The Close Relationship between Oral Allergy Syndrome and Seasonal Allergies

Oral Allergy Syndrome
Oral Allergy Syndrome / © Elnur / Adobe Stock

Seasonal allergies can be dreadful. Everyone seems to be affected to some degree. Did you know that certain seasonal allergies can cause oral symptoms as well? Patients may not realize the connection or that there is a possibility that their oral symptoms could be linked to certain seasonal allergies. Studies indicate that 20% to 70% of people who suffer from pollen allergies will experience oral allergy syndrome after eating raw fruits and vegetables.1,2

Oral allergy syndrome, also known as pollen fruit syndrome, is an IgE mediated allergic response. Symptoms range from mild itching and the swelling of oral mucosa and lips to rare cases of anaphylaxis. Oral allergy syndrome has been found to be the most common symptom of food allergies. Around 60% of food allergies are contributed to cross-reactions between food and inhaled allergens from certain components of pollen found in trees/weeds and fruit/vegetables/nuts/legumes.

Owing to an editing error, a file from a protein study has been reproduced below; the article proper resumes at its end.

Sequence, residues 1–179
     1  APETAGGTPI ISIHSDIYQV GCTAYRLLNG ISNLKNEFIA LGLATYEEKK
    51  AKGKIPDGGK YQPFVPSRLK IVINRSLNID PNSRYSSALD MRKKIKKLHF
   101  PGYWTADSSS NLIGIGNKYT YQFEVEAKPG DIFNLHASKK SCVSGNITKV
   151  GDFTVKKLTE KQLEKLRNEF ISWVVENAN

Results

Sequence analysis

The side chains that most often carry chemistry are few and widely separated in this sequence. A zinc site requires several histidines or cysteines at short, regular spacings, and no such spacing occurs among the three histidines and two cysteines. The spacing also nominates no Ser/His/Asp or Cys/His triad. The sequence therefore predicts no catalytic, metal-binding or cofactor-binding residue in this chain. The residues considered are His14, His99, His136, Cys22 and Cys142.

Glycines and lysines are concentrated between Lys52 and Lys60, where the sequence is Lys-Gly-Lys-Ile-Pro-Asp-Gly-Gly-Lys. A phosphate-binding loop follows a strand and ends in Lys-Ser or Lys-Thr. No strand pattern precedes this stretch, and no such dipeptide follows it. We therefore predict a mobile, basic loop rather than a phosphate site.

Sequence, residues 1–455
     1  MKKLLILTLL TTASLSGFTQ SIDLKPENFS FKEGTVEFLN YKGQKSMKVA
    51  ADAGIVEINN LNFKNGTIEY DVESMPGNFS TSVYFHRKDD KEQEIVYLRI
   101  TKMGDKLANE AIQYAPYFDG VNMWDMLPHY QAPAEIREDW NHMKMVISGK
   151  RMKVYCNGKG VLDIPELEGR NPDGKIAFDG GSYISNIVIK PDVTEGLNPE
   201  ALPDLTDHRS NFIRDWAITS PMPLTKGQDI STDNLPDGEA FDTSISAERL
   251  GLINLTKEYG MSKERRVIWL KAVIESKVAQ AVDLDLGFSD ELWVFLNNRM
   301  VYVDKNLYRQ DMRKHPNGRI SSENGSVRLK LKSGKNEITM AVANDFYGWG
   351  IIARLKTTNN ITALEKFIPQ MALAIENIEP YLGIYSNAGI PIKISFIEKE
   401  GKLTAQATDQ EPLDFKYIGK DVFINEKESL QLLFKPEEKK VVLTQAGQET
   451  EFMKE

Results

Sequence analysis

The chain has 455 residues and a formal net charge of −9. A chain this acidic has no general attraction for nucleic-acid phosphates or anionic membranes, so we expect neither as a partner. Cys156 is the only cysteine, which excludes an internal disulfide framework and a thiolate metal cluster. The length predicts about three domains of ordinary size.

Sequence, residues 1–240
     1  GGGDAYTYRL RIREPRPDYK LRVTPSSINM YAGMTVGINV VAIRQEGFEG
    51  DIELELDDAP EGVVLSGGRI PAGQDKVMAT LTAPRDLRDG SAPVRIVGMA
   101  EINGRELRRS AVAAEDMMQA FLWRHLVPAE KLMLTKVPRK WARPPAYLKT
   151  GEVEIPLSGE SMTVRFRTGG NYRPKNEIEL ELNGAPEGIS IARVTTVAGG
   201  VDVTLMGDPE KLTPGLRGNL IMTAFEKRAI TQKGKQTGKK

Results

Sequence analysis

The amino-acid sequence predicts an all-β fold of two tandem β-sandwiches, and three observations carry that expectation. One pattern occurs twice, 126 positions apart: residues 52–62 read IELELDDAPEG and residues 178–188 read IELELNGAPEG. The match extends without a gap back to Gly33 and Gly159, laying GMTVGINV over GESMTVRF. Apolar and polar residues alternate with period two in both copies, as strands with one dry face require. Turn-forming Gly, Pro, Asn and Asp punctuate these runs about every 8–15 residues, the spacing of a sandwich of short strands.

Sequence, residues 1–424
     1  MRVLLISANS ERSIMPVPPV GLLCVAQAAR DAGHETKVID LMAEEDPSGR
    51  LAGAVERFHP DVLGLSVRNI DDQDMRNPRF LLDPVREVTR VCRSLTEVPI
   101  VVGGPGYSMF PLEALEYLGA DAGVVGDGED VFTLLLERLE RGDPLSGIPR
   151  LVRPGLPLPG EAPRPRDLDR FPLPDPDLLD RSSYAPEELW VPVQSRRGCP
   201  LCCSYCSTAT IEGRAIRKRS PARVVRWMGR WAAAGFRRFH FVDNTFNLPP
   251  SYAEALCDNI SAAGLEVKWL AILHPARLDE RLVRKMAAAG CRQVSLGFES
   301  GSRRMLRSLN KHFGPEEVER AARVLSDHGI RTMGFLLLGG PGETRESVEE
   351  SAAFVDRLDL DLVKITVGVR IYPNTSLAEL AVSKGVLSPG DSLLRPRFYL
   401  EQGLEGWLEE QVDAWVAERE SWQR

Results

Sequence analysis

Oral Allergy Syndrome Trigger Foods

This explains the distinct seasonal pattern often seen in this disease.9 All patients with oral allergy syndrome have at least one pollen allergy. Though many foods fall into the pollen categories as possible triggers, patients may only experience symptoms from one food in the category and not necessarily multiple foods.2

Documented pollens and trigger foods include:

  • Birch tree pollen sensitivity: apricot, peach, apple, carrots, almond, plum, hazelnut, pear, celery, fennel, parsley, coriander, soybean, carraway, and peanuts.
  • Ragweed pollen sensitivity: banana, melon, kiwi, sunflower seeds, squash, and zucchini.
  • Grass pollen sensitivity: celery, melons, oranges, peaches, tomato, lentil, peas, potato, and peanuts.2,3,9
  • Mugwort pollen sensitivity: banana, parsnips, parsley, chives, celery, carrot, melon and peanuts.4